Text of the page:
Triage may make logical and efficient sense. Whether the triage system makes everyday human sense is a different matter. None of the patients seen in the film enjoy hours of suffering in pain and stress as they wait for treatment. One particularly frustrated dialysis patient actually prefers having his life-saving tubing removed rather than endure further runarounds and waits for non-existent care. The doctor who listens to this particular patient can think of nothing to alleviate the man’s anger.
That incident captures the larger problem of finding a fair balance in public health between delivering efficient service and ensuring mass accessibility to healthcare. Over-emphasizing organizational efficiency often comes at the cost of choosing who will not be served or at least served less quickly than others. Yet over-emphasizing access for all can mean misallocating resources in pursuit of equity.
Nicks’ film shows that Highland’s medical staff tries to do their best to reach that balance for the 250 patients they serve daily. The scenes of ER administrator and Registered Nurse Liz Lynch trying to juggle available bed space with waiting room denizens’ growing impatience catch the difficulties of this task. Making Lynch’s task easier is the wonderfully charming Certified Nursing Assistant Cynthia Y. Johnson. Whether she takes pride in correctly spelling the names of her multinational clientele or defusing her scolding of a patient’s cussing by asking if he’s a Scorpio, Johnson’s appearances onscreen prove to be one of “The Waiting Room”’s delights.
Less delightful are the sequences where the patients have to deal with paying for their ER services. An accounting clerk’s joking makes the process of figuring out payment less stressful for a homeowner with an underwater mortgage. Viewers will sympathetically tense up with worry for the college student with testicular cancer as he obviously has scant financial resources.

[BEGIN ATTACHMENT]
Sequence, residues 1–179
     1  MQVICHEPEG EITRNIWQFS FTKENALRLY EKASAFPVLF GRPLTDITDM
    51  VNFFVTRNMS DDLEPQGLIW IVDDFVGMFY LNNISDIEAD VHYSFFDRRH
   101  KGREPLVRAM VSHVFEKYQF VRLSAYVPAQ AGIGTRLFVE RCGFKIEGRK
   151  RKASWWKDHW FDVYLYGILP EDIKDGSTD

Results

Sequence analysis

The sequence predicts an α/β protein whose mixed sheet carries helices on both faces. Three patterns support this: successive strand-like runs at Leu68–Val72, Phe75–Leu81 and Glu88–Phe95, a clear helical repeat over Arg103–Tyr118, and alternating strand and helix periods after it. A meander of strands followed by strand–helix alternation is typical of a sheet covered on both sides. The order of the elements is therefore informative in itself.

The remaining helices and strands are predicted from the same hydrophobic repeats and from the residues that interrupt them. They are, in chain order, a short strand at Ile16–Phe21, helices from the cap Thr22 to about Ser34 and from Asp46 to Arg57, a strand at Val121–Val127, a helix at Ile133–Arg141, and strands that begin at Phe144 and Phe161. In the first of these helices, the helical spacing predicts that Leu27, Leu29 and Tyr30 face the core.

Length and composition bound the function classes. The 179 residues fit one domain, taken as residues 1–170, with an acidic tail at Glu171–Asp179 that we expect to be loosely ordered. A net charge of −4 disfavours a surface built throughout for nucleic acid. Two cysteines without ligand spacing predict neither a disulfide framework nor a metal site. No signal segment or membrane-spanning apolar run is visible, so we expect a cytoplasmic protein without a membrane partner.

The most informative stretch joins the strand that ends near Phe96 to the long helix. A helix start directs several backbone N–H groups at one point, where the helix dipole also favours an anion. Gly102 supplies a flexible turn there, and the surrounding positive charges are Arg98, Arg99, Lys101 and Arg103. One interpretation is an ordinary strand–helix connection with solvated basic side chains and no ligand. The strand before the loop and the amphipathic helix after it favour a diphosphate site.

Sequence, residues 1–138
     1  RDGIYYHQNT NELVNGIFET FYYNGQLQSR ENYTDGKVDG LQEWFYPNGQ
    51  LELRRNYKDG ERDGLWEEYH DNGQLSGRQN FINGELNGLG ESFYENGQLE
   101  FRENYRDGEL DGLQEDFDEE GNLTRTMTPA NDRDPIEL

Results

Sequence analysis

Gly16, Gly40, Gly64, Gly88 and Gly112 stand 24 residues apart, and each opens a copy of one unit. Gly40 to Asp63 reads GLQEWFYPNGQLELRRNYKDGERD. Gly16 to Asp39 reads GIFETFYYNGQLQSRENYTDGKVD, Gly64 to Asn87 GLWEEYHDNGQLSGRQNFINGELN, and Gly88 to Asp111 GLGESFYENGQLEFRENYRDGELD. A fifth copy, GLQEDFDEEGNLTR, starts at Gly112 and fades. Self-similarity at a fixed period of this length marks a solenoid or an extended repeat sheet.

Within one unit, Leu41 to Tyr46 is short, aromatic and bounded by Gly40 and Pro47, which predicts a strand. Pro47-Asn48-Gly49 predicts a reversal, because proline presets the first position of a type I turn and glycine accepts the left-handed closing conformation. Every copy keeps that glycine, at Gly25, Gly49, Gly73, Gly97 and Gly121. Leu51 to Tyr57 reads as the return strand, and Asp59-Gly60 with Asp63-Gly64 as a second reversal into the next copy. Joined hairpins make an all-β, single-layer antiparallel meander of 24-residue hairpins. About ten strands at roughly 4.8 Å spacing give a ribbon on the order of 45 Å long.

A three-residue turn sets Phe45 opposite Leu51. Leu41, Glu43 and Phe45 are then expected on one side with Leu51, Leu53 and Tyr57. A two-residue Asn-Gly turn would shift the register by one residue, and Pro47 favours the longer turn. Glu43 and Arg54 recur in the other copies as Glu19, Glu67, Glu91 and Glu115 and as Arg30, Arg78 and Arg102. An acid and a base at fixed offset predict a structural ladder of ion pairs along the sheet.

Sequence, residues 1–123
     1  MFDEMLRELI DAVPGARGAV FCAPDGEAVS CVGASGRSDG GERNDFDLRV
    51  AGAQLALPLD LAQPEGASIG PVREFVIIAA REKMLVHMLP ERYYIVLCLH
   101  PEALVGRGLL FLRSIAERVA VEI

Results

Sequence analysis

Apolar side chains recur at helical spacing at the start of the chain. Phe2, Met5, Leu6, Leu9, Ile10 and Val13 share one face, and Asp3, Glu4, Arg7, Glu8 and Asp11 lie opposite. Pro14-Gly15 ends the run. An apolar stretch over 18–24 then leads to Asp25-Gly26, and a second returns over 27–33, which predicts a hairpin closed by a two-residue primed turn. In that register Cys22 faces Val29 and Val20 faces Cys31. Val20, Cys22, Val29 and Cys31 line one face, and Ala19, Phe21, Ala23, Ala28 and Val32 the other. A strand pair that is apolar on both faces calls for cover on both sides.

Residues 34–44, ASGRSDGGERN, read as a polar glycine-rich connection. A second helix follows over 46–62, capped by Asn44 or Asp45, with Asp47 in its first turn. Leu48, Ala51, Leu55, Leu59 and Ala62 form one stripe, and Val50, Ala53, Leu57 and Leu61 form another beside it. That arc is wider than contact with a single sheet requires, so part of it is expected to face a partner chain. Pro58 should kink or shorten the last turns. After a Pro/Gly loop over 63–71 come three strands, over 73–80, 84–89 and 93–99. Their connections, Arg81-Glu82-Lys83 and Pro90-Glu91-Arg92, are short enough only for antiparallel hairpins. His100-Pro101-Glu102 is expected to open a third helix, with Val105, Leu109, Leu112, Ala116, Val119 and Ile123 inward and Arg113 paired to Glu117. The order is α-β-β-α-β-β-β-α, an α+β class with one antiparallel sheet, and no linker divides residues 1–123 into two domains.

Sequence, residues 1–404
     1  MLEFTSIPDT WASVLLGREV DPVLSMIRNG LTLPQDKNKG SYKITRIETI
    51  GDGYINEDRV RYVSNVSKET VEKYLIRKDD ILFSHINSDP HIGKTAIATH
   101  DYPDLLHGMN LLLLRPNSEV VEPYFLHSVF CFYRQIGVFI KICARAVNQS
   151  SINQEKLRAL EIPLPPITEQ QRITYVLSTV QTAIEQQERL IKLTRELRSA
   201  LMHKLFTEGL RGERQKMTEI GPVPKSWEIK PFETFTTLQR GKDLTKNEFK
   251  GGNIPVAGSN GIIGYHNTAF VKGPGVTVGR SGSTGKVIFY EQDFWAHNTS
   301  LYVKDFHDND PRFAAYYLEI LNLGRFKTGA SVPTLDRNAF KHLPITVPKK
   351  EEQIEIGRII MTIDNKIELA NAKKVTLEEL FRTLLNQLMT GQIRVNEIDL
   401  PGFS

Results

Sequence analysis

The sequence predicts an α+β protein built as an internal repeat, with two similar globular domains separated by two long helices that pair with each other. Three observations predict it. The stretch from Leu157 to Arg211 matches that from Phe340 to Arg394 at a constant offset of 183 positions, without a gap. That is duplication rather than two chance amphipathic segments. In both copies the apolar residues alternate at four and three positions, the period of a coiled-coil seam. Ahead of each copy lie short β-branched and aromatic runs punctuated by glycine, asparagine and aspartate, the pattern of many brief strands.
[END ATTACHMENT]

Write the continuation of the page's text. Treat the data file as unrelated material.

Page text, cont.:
While the viewer may cheer whatever medical victories are achieved onscreen, Nicks reminds the viewer that the patients seen here carry intractable problems that can’t be solved with painkillers. A floor layer gainfully employed by Sherwin Williams keeps his job by unwillingly taking both a severe pay cut and a reduction in benefits. The unemployed divorced father complains his job search leaves him little time to interact with his growing children. Most importantly, the emergency room care sought by Highland Hospital’s patients will never substitute for truly effective health care. Until American society admits that everyone regardless of income is entitled to preventive and follow-up care as well as emergency room care, there will continue to be a class divide in access to medical treatment.
“The Waiting Room”’s creation preceded Romney’s public lies about the role of emergency rooms in providing health care for the indigent and uninsured. Nicks’ footage came from five months of filming in 2010. The seeming timelessness of the events captured testifies to the film’s unfortunately continual relevance.
(“The Waiting Room” opens October 19, 2012 at the Sundance Kabuki Cinemas (1881 Post, SF).)